Do you agree that almost ten years after the release of World of Warcraft, the genre has attracted a chorus of detractors who feel that its hour has been and gone.
That doesn’t feel deserved, in this case. Wildstar is bright, cheerful and gamey – a Saturday morning cartoon writ large that promises to occupy a great many Saturday mornings with a constant stream of quests to hand in, challenges to complete, areas to explore, bases to build, guilds to battle and so on. It breezily ignores the notion that MMOs have a mandate to change the world – and even as someone who used to cling to that idea, I can appreciate the game’s confident acceptance of the fact that it’s entertainment. It’s OK to be entertained, sometimes.
Combat relies heavily on positioning and twitch skill, reminding me more of League of Legends or Dota than World of Warcraft – despite sharing the latter’s action bar, and many of its designers. The Medic class ‘paints’ areas of healing, damage and debuff onto the battlefield, while assigning drones to apply further effects to specific targets. These AoEs are represented by huge coloured squares and cones that keep players’ eyes on the action, rather than on their cooldowns.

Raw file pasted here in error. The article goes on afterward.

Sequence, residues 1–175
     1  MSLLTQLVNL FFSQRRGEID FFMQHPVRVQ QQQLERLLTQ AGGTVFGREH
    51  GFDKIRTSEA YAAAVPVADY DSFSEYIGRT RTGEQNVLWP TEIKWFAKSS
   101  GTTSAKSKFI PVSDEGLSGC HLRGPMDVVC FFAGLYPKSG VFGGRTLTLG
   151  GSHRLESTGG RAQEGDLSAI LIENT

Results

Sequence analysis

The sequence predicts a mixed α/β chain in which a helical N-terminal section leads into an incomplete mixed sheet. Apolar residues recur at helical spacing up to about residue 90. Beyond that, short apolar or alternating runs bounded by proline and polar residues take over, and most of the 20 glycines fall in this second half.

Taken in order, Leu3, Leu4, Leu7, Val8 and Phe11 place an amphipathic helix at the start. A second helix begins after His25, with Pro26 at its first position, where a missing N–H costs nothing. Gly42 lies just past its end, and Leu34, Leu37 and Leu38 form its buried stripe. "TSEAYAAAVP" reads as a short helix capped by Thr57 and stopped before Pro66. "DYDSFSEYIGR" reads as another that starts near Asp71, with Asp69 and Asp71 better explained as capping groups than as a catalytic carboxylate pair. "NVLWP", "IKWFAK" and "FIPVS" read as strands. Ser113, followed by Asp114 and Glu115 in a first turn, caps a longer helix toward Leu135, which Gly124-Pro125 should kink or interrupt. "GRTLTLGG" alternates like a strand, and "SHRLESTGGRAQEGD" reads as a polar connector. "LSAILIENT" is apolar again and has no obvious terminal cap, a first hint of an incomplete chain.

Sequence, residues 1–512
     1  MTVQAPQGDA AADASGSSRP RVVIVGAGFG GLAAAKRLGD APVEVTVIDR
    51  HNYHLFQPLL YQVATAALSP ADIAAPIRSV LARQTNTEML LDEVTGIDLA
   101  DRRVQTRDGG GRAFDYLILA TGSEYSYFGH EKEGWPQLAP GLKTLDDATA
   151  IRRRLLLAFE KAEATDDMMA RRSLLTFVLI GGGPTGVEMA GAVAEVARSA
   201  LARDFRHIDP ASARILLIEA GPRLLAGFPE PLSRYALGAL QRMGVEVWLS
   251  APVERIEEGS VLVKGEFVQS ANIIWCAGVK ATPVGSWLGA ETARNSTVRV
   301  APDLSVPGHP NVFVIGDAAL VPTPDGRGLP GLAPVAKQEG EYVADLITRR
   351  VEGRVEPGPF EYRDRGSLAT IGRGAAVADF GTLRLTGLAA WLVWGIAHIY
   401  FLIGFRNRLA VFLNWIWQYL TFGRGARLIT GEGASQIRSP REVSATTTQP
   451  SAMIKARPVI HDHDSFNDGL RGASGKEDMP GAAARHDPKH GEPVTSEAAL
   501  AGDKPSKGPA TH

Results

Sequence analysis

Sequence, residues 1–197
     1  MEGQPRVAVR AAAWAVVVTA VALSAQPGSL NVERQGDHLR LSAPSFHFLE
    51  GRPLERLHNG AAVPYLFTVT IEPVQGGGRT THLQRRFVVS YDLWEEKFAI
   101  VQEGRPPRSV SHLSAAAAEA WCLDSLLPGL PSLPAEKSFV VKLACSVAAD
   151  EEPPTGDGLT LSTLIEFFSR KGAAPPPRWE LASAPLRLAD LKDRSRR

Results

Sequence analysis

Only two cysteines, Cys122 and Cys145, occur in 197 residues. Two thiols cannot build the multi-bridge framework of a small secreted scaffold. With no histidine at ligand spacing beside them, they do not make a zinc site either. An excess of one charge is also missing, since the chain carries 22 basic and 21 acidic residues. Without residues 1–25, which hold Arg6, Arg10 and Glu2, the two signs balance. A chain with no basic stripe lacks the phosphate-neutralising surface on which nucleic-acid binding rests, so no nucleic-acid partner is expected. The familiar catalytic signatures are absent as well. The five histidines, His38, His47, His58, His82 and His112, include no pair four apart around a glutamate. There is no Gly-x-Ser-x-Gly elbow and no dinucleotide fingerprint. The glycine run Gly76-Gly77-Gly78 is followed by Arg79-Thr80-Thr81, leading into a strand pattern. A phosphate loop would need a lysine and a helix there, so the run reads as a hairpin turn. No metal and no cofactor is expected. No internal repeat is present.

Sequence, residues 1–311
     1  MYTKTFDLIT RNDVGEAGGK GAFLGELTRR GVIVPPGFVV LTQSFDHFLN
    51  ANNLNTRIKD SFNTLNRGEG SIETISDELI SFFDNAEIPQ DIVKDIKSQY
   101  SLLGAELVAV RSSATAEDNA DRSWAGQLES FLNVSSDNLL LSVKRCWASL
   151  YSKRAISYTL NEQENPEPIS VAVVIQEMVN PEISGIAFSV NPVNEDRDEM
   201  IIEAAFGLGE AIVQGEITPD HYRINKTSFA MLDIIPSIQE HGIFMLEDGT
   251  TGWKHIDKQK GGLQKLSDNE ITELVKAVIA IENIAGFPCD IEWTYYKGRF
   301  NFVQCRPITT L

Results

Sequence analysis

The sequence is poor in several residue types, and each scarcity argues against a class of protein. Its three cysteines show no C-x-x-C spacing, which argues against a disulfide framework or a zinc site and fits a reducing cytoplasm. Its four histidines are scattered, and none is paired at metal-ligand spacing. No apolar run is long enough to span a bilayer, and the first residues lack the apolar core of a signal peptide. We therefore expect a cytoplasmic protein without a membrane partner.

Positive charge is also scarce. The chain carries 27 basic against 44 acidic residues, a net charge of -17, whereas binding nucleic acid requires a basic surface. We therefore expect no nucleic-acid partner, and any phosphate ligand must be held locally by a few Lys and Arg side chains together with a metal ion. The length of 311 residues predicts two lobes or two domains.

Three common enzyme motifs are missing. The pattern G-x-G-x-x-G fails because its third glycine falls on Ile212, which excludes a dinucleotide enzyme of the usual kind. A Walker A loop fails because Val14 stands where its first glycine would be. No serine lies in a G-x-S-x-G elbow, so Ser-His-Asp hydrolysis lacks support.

Defeated monsters explode in a shower of chunky coins and crates of loot that are hoovered up into the inventory with a single button-press. Kill enough enemies and you trigger a timed challenge to defeat more: beat that and you get an additional reward from a roulette wheel of options. In the nine months since I first played the game these systems have started to cohere Carbine’s art direction has resulted in some beautiful sci-fi landscapes into an experience that combines the compulsiveness of a mobile game with the long-term draw of a persistent world.
What gives the game hardcore credibility is how skill-based it ultimately is. During a preview event I duelled former PC Gamer editor Graham Smith playing an identical Spellslinger character. I defeated him utterly, demonstrating that (a) I have played a lot of Dota, (b) Wildstar has serious PvP chops, and (c) I am a better person than Graham.
There’s also the world itself. Carbine’s excellent art direction has resulted in some beautiful sci-fi landscapes: icy wastes crisscrossed with ancient energy lines, fractured badlands where gravity is inconsistent and glowing crystals hang in the air. Top calibre execution deserves to win the game a dedicated audience, and I’m hopeful that it’ll find one – the MMO needs another solid, well-built game that doesn’t lean on its famous licence to find fans. Wildstar risks slipping under the radar, but don’t let it – it might just remind you why you liked MMOs in the first place.